One of the most significant collections held by the University is that of the D’Arcy Thompson Zoology Museum, comprising the surviving natural history specimens and teaching aids of the internationally renowned polymath. D’Arcy’s collection was used not only in teaching his students but also in researching his landmark book On Growth and Form, published one hundred years ago, which pioneered the new science of mathematical biology. Described as ‘the greatest work of prose in twentieth century science’, the book has had a huge influence in many fields. It showed that the complexity of nature can be understood through basic mathematical and physical laws and that living organisms are not static but constantly affected by the forces acting upon them. This has profoundly influenced many artists including Henry Moore, Barbara Hepworth, Richard Hamilton, Jackson Pollock and Salvador Dali.

Over the past few years, the University has been building a collection of significant artworks inspired by D’Arcy Thompson’s ideas and collections, two of which have been grant-aided by the National Fund for Acquisitions.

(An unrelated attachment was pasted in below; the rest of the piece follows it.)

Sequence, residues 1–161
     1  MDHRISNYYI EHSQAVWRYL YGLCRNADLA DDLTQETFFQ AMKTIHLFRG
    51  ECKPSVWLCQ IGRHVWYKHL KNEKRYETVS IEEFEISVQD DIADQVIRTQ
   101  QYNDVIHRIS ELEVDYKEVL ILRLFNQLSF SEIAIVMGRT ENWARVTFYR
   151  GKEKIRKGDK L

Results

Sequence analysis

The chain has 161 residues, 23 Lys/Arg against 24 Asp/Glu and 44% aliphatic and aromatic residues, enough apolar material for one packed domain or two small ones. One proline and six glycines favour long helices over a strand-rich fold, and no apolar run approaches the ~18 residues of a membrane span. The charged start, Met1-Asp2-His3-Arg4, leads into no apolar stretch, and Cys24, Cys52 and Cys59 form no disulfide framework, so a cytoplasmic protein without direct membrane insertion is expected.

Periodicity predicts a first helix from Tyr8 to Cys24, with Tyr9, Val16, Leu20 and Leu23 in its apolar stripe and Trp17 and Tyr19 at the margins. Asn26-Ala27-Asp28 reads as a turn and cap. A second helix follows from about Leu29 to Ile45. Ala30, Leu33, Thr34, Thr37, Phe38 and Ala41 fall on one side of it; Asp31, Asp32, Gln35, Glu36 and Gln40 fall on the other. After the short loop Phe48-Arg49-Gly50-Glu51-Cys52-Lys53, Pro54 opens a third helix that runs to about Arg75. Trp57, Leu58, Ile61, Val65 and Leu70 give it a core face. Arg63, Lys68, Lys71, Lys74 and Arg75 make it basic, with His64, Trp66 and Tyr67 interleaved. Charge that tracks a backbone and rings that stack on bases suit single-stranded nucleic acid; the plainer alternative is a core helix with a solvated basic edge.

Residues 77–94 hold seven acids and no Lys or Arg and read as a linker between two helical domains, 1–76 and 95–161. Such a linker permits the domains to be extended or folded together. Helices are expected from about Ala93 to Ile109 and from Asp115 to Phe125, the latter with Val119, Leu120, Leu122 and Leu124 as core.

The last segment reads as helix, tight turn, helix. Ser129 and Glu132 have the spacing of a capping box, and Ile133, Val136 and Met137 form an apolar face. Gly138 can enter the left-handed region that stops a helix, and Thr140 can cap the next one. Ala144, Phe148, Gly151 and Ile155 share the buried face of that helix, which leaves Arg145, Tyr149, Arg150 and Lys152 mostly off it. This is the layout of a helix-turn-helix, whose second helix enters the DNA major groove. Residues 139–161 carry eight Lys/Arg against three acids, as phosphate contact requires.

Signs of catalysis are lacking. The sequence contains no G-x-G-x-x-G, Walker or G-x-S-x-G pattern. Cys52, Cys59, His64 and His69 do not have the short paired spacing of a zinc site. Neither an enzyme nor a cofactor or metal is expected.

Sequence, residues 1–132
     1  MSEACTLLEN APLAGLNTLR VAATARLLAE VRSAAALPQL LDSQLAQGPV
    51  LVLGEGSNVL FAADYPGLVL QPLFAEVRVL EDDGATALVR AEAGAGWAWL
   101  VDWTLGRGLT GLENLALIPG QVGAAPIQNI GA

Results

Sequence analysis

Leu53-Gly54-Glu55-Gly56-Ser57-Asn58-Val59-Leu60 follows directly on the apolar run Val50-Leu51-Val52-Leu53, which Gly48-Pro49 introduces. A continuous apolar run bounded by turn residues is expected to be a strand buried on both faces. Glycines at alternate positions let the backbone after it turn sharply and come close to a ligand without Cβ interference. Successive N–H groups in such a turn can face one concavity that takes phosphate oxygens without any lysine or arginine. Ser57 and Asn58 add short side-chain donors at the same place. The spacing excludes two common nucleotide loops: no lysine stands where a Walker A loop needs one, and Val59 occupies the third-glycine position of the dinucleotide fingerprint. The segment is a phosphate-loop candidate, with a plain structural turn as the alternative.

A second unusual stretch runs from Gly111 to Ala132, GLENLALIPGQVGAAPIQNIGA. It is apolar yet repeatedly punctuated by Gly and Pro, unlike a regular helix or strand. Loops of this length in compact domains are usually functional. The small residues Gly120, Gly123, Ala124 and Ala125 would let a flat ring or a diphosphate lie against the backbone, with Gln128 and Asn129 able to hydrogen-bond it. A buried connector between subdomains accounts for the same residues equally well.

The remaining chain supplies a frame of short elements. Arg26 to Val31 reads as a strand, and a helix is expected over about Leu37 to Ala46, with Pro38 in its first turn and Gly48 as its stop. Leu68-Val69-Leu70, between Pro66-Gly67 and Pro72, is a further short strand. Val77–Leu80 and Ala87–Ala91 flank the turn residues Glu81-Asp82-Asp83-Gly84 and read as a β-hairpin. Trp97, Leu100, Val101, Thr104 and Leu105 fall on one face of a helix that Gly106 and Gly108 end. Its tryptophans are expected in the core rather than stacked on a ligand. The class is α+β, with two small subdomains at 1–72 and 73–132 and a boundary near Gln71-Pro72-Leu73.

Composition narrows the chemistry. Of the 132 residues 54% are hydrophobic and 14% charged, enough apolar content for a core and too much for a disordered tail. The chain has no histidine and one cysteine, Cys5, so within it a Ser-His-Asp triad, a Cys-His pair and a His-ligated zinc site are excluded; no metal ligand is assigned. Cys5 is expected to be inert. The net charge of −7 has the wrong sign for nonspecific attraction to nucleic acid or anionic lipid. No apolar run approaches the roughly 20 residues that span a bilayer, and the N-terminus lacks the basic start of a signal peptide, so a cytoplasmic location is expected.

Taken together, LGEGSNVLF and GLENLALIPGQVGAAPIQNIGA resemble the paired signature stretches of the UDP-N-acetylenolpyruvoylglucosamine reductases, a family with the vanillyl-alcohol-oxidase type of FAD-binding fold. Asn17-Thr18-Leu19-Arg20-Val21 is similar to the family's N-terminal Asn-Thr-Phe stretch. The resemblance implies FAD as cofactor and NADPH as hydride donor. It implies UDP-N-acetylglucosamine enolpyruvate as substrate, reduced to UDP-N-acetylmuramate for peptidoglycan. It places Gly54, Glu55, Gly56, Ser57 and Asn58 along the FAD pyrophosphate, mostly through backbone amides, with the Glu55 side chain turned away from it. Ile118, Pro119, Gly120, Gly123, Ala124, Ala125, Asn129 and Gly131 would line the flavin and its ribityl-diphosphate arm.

The renowned British sculptor Peter Randall-Page RA (b1954) discovered On Growth and Form as an art student. His practice has always been informed and inspired by the study of natural phenomena, particularly the underlying principles determining growth. In his words ‘geometry is the theme on which nature plays her infinite variations’. With help from the NFA and the Art Fund, we were able to acquire his large-scale sculpture In the Beginning, which evokes cells multiplying within an expanding membrane. The sculpture is sited at the modern entrance to the University’s 19th-century Carnelley Building and can be visited by the public during normal working hours.